Method of Operation
Two methods of contacting the gas and liquid are possible: counter-current operation and co-current operation. See the Figure below. We will focus principally on the counter-current gas absorption, as it was widely used in the industry. The main differences between the two configurations will be highlighted. Note that for counter-current operation, the gas enters the column or tower from below as leaves at the top, while liquid enters from the top and flows in opposite direction and exits from the bottom.
[ once again, recall the similarity with heat exchanger operation ]
We will be concerned primarily with counter-current gas absorption. As shown in the Figure below, the gas flows upwards while the liquid flow downwards. Inside the column where there is vapour-liquid contact, mass transfer by absorption occurs, i.e. there is a transfer of solute(s) from the gas phase to the liquid phase.
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Absorption and stripping are conducted in tray (or plate or stage) columns, packed columns, spray towers, bubble columns, and centrifugal contactors. In general, operating pressure should be high and temperature low for an absorber, to minimize stage requirements and/or absorbent flow rate to lower the equipment volume required to accommodate the gas flow. The reverse is true for stripping. However, the operating pressure should not be too high and the operating temperature should not be too low as to condense the feed gas.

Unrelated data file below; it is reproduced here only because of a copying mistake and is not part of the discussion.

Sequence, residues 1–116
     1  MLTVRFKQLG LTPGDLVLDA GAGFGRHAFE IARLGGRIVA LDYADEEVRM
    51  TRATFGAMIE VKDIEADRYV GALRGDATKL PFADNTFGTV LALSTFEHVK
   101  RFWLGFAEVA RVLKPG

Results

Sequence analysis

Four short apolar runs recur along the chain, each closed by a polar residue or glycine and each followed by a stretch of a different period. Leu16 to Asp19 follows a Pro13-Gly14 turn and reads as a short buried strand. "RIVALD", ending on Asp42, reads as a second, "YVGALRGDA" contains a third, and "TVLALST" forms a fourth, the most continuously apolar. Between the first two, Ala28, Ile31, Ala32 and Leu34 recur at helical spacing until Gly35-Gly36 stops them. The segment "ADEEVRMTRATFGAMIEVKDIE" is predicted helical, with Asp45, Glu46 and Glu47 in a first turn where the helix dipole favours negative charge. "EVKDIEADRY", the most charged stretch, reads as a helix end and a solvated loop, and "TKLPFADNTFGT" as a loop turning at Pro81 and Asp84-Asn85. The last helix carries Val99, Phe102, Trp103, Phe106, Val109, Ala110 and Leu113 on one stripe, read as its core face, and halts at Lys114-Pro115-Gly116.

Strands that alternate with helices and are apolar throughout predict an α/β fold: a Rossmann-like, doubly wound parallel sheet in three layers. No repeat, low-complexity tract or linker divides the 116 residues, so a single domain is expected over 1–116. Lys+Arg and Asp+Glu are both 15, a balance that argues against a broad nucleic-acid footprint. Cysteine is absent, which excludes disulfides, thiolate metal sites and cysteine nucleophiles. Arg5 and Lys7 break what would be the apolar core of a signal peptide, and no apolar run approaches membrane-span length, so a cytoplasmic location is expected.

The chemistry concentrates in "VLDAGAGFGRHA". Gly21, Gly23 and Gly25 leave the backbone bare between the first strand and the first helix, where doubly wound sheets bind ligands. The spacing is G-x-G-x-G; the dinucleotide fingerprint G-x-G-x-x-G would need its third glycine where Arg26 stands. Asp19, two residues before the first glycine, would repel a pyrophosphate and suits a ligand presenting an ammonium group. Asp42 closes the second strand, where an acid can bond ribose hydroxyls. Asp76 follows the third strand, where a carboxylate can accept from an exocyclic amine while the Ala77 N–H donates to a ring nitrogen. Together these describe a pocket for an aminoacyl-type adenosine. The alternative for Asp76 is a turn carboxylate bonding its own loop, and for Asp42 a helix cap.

The types of trays used in absorption include: sieve tray, valve tray and bubble-cap trays. These internals are the same as those covered in "Distillation".
Both random and structured packings had been used. Again, please refer to the topics covered in "Distillation".
For more information on trays and packing, check out the PLANT
OPERATION & MONITORING Section.
The gas flows upward continuously through an open chamber in which scrubbing liquid droplets falls from spray nozzles through the gas. The gas pressure drop is small, but separation is not as good as the bubble column. This column is widely used for its simplicity, low pressure drop, and resistance to scale deposition and plugging.
The gas is forced under pressure through perforated pipes submerged in the
scrubbing liquid. As such the gas phase is dispersed and the liquid phase is
continuous. As the bubbles rise through the liquid, absorption of the gas occurs.
This type of device suffers from the high pressure drop due to the liquid hydrostatic
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